Zero-dimensional ring without idempotent or nilpotent ideals

I'm looking for an example of a commutative ring $R$ with zero Krull dimension such that $R$ satisfies one of the following conditions:

(1) $R$ has no nonzero proper idempotent ideals, but has a nonzero non-nilpotent ideal.

(2) $R$ has no nonzero nilpotent ideals, but has a nonzero idempotent ideal.

As for (2), I only know that $R$ would be von Neumann regular by a classical theorem of commutative algebra.

Thanks for any help!

• (2) What about the direct product of countable many copies of $\mathbb F_2$? – user26857 Oct 13 '16 at 8:19
• @user26857 Thanks! But, any commutative Noetherian local ring with zero Krull dimension has nilpotent maximal ideal, whence all its ideals are nilpotent. If $F$ is a field and we take $F[x_2,x_3,x_4\ldots]$ and quotient it by $(x_2^2,x_3^3,x_4^4,\ldots)$ could we get a ring having no non-trivial idempotent ideals? – karparvar Oct 13 '16 at 15:46
• (1) It seems that your proposal could be good choice. The maximal ideal $\mathfrak m=(x_2,x_3,\dots)$ of the quotient ring $R=F[X_2,X_3,\dots]/(X_2^2,X_3^3,\dots)$, has the property $\cap_{i\ge 1}\mathfrak m^i=(0)$ (why?). If $I$ is an idempotent ideal, then $I=\cap_{i\ge1}I^i\subseteq\cap_{i\ge 1}\mathfrak m^i=(0)$. – user26857 Oct 13 '16 at 21:00
• @user26857 If we take a nonzero polynomial $f\in R$, then $f=\sum {x_2}^{u_2}{x_3}^{u_3}\dots {x_n}^{u_n}$. Now, if we put $i$ as the maximum value of $\sum {u_t}$ then $f$ would not belong to $m^{i+1}$. Is it a true argument for the proof of $\cap_{i\ge 1}\mathfrak m^i=(0)$? – karparvar Oct 14 '16 at 5:58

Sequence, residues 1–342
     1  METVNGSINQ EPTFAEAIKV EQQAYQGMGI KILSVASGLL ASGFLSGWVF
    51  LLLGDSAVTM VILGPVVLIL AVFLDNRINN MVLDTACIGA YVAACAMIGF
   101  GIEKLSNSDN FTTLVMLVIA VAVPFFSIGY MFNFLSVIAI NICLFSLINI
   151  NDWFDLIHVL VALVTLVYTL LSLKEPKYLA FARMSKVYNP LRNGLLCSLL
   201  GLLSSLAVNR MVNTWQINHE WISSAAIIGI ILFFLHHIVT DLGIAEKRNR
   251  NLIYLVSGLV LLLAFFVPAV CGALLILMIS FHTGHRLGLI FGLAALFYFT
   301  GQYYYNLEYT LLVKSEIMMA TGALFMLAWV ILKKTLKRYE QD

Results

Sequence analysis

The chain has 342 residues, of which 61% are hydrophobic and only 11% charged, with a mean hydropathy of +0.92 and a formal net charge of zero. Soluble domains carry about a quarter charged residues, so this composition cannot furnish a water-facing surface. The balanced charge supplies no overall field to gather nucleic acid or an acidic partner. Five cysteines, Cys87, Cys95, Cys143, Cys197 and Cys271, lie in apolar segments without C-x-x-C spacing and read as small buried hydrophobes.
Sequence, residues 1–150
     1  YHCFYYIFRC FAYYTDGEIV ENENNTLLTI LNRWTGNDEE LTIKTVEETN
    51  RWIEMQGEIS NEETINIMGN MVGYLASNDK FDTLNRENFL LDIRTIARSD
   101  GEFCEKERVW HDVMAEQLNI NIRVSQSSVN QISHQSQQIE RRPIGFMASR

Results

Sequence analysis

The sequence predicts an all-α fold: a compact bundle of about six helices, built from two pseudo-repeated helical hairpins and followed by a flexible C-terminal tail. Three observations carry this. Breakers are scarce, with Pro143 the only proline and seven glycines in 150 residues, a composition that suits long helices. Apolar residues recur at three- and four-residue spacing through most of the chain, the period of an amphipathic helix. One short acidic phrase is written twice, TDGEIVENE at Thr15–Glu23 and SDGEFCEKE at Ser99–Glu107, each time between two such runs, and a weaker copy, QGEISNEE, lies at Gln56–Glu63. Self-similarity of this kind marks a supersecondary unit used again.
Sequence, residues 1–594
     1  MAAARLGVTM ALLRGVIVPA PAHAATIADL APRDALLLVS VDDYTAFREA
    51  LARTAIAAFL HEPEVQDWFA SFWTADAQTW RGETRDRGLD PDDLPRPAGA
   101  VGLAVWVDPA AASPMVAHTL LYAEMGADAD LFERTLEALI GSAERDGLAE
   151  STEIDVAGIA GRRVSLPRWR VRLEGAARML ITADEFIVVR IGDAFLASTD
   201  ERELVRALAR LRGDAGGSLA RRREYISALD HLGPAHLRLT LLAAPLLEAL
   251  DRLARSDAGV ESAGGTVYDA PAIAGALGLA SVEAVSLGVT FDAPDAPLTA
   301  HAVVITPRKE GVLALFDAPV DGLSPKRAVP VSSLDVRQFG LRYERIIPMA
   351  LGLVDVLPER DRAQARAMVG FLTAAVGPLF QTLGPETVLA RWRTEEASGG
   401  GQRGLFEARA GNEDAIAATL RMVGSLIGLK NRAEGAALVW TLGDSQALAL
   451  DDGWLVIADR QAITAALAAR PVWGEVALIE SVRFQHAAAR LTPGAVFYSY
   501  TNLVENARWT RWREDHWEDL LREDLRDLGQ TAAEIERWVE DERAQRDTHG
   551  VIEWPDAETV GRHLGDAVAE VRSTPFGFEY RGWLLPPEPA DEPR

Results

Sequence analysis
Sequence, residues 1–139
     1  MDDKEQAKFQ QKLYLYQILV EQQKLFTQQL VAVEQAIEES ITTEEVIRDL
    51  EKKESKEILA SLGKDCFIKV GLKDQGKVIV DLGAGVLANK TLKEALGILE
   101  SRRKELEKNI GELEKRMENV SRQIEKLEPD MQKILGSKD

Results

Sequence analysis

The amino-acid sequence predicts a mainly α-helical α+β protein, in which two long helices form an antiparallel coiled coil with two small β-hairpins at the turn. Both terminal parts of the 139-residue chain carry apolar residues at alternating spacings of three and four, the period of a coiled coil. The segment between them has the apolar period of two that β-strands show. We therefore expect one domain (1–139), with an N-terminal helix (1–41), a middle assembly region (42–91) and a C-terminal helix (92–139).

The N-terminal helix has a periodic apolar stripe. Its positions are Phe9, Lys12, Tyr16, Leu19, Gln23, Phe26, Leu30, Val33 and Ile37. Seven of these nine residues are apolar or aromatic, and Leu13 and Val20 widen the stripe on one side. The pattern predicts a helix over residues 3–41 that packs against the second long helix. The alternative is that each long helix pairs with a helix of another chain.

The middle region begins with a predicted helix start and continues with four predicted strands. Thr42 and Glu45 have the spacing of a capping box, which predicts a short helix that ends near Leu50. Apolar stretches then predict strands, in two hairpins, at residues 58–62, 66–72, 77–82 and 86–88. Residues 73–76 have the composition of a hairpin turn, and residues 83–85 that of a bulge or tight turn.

• Well, in our case we are working with polynomials, and basically a monomial of total degree $k$ can't be in $(X_2,X_3,\dots)^{k+1}$. – user26857 Oct 15 '16 at 7:14

An example for part (1) may be the ring $R=F[X_2,X_3,\dots]/(X_2^2,X_3^3,\dots)$, where $F$ is a field. At the outset, note that any prime ideal of $R$ is of the form $P/J$, where $J=(X_2^2,X_3^3,\dots)$ and $P$ is a prime ideal of $F[X_2,X_3,\dots]$ containing $J$, so that $P$ contains all the $X_i$'s, whence it is equal to the maximal ideal $M=(X_2,X_3,\dots)$ of $F[X_2,X_3,\dots]$. Thus, $R$ is a local ring of zero Krull dimension with the maximal ideal $\overline M=(\overline X_2,\overline X_3,\dots)$, where the bars refer to modulo $J$. The ideal $\overline M$, having elements of arbitrary high nilpotency indices, is not nilpotent. On the other hand, since any non-zero polynomial of degree $k$ in $\overline M$ could not belong to $\overline M^{k+1}$, we deduce that $\cap_{i\ge 1}\overline M^i=(0)$. Now, if $I$ is a proper idempotent ideal of $R$, we get the conclusion that $I=\cap_{i\ge1}I^i\subseteq\cap_{i\ge 1}\overline M^i=(0)$.